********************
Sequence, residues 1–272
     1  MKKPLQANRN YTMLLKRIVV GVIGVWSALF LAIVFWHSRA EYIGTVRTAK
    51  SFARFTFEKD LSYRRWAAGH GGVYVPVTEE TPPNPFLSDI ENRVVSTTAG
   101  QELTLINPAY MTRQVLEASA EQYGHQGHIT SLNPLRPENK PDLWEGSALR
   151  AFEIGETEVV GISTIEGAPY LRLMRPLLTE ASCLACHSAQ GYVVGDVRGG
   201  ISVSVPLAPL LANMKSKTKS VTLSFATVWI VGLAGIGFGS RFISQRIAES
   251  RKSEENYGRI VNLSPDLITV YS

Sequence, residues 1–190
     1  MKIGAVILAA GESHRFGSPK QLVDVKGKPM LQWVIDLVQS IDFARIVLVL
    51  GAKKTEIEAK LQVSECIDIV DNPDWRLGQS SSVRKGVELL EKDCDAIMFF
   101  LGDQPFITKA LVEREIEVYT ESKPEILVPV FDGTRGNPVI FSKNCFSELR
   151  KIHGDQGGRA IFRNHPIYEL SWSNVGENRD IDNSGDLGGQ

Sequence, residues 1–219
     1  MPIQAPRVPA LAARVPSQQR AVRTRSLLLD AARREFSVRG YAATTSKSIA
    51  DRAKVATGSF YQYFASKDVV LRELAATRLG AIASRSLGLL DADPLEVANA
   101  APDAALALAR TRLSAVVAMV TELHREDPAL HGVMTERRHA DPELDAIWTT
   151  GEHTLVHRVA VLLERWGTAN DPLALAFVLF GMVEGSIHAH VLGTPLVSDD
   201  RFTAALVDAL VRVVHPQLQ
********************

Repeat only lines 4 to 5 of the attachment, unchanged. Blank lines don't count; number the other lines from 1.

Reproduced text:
   101  QELTLINPAY MTRQVLEASA EQYGHQGHIT SLNPLRPENK PDLWEGSALR
   151  AFEIGETEVV GISTIEGAPY LRLMRPLLTE ASCLACHSAQ GYVVGDVRGG